Looking, Looking (a.k.a. not to defend Twilight or anything, but…)

I had to read Laura Mulvey’s article “Visual Pleasure and Narrative Cinema” recently.  It’s about a lot of things, but one big point it brings up deals with men and women in films and scopophilia (voyeuristic pleasure in “looking”).  It talks about how female characters are generally just a spectacle to be looked at, so male characters have to advance the plot.

Which got me thinking….

Why is it that there aren’t a lot of “displays” of male characters in films?  (Not that I’m for that or anything, this issue is just interesting to me as a film nerd).  It seems to me that many viewers get irritated by this kind of display of men when it does occur (although rarely).  Now, this could be because it usually happens in “chick flicks” or films like Troy with a sizable female (or perhaps gay male) target audience; many male viewers or those with actual taste dislike these kinds of films and so would be irritated by just one more stupid thing in the film.  Case in point – a recent internet reviewer’s take on the Twilight: New Moon trailer went something like this:

(The trailer shows a bunch of shirtless werewolves and vampires)

Reviewer: (angrily) Did I mention this film was directed by a woman?

Yeah, so what if it was?  Not to defend Twilight or anything (’cause it probably sucks) but why are you so angry with this, Internet Reviewer?  If it was women doing the stripping, would you feel the same way?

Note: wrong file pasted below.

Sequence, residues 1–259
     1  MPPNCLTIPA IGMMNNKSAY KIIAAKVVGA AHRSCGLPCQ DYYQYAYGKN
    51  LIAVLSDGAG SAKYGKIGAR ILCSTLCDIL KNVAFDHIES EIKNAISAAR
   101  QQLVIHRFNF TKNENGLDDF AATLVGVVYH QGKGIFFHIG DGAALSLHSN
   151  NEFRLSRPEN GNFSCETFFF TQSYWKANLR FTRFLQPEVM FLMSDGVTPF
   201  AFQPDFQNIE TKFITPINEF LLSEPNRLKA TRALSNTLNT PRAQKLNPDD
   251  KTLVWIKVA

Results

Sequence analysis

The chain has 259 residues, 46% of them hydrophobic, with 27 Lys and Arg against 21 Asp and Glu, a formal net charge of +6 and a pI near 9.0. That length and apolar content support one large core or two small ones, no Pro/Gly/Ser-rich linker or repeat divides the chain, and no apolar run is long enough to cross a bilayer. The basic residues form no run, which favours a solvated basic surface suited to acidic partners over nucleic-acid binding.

The scary thing is that I had a similar reaction.  This film seems to be about 80% what we in the anime fandom community call “fanservice,” or the insertion of gratuitous romantic-hinting, nudity, exposure, or other such things.  That kind of stuff is unnecessary; it may sell a film, but it’s gratuitous.  Fanservice has its place in the arsenal of tricks, though, and it happens.  But it seems to me that it is far more acceptable, even in supposedly-more-“artistic” films (like the recent Nine) to have women prancing about in lingerie, etc., than it is for male characters to do similar acts of fanservice.

I am a girl, yes, but I generally dislike films targeted towards me as a demographic.  I find their tactics of targeting me, as a woman, insulting for the most part.  Hollywood people, stop acting like all women like that kind of shit.  Make some decent Annie Hall-style romances instead.  And women, make better films.  About stuff other than relationships.  Seriously.  (Recent Oscar shout-out to Kathryn Bigelow, a.k.a. pretty much the only awesome female director since Leni Riefenstahl**)

But you know, it should be all right for male fanservice to happen alongside female fanservice, without reflecting on the filmmaker’s sexual preferences or gender. I don’t support it, but let’s be fair.  Next time you or someone you know gets mad about this kind of thing for EITHER gender, just ask yourself/them “would you feel the same way if it was the opposite sex?”

Jumping around again, I am guilty of gender bias, sadly.  I often complain about female filmmakers’ inability to make films about anything other than “f—ing relationships” or other girlie sh*t, but…. it’s okay for men to do this?  Well….yeah.  If they’re good at it.  Like, say, Woody Allen.  My sexism reveals itself. Le sigh.

I suppose what I should say to both genders is just “make good films.”  Yeah.  I’ll go with that.

Recca 3/11/10

**disclaimer: Nazis are not cool, but Leni was a great director despite her political views.

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